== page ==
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Tanabe, H.; Kupper, K.; Ishida, T.; Neusser, M.; Mizusawa, H. (2005): Inter- and intra-specific gene-density-correlated radial chromosome territory arrangements are conserved in Old World monkeys. In: Cytogenetic and Genome Research, Nr. 1-3: S. 255-261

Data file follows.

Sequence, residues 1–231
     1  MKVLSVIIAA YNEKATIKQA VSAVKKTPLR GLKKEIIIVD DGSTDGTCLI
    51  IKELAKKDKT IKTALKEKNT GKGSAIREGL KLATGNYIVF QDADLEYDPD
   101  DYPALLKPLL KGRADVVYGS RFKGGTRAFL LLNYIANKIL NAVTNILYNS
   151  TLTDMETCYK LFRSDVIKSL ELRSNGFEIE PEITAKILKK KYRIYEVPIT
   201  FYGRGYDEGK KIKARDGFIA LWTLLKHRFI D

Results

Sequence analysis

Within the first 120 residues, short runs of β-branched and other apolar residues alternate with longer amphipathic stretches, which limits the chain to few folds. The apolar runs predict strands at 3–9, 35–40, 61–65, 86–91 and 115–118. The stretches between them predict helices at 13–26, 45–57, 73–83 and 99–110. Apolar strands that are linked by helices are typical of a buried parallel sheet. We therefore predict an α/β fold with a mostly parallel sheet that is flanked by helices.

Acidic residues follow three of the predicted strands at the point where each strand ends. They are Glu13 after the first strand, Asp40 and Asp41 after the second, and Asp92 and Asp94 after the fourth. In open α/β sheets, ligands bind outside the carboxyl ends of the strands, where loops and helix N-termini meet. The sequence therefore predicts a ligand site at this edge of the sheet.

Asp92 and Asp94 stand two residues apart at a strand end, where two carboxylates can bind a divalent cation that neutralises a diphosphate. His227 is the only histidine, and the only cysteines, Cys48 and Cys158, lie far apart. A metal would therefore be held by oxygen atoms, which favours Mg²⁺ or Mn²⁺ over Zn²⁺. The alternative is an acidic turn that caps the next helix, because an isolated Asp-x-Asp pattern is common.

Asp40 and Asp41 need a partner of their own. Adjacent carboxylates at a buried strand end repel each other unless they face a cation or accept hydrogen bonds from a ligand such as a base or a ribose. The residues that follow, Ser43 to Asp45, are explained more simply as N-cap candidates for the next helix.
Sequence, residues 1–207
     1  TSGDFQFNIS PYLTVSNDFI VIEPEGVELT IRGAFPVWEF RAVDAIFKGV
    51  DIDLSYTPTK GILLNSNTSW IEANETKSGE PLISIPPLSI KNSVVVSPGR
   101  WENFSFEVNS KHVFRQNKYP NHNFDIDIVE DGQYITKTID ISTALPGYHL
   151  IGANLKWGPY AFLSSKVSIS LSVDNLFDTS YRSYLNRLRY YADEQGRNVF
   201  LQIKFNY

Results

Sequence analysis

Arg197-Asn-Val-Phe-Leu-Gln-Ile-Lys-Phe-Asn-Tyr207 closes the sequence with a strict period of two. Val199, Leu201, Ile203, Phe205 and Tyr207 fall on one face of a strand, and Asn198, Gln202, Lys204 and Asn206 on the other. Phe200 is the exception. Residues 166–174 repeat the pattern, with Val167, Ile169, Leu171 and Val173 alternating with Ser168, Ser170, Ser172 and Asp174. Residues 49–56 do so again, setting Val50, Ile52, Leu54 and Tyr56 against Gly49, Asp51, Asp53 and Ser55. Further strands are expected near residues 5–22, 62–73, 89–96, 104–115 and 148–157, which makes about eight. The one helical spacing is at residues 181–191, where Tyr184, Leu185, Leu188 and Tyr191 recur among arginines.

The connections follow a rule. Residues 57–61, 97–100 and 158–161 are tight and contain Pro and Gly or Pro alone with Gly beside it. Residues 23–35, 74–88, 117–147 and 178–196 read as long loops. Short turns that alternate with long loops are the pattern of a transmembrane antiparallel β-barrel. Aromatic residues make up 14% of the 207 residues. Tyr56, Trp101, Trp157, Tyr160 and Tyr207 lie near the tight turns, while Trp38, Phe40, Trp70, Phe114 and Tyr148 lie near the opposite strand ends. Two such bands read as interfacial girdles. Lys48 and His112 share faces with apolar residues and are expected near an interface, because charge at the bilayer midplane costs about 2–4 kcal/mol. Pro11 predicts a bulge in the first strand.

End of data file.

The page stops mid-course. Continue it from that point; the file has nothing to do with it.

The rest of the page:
Recently it has been shown that the gene-density correlated radial distribution of human 18 and 19 homologous chromosome territories (CTs) is conserved in higher primates in spite of chromosomal rearrangements that occurred during evolution. However, these observations were limited to apes and New World monkey species. In order to provide further evidence for the evolutionary conservation of gene-density-correlated CT arrangements, we extended our previous study to Old World monkeys. They comprise the remaining species group to be analyzed in order to obtain a comprehensive overview of the nuclear topology of human 18 and 19 homologous CTs in higher primates. In the present study we investigated four lymphoblastoid cell lines from three species of Old World monkeys by three-dimensional fluorescence in situ hybridization (3D-FISH): two individuals of Japanese macaque ( Macaca fuscata), crab-eating macaque ( Macaca fascicularis), and an interspecies hybrid individual between African green monkey (Cercopithecus aethiops) and Patas monkey ( Erythrocebus patas). Our data demonstrate that gene-poor human 18 homologous CTs are located preferentially close to the nuclear periphery, whereas gene-dense human 19 homologous CTs are oriented towards the nuclear center in all cell lines analyzed. The gene-density-correlated positioning of human 18 and 19 homologous CTs is evolutionarily conserved throughout all major higher primate lineages, despite chromosomal inversions, fusions, fissions or reciprocal translocations that occurred in the course of evolution in these species. This remarkable preservation of a gene-density-correlated chromatin arrangement gives further support for a functionally relevant higher-order chromatin architecture. Copyright (C) 2005 S. Karger AG, Basel.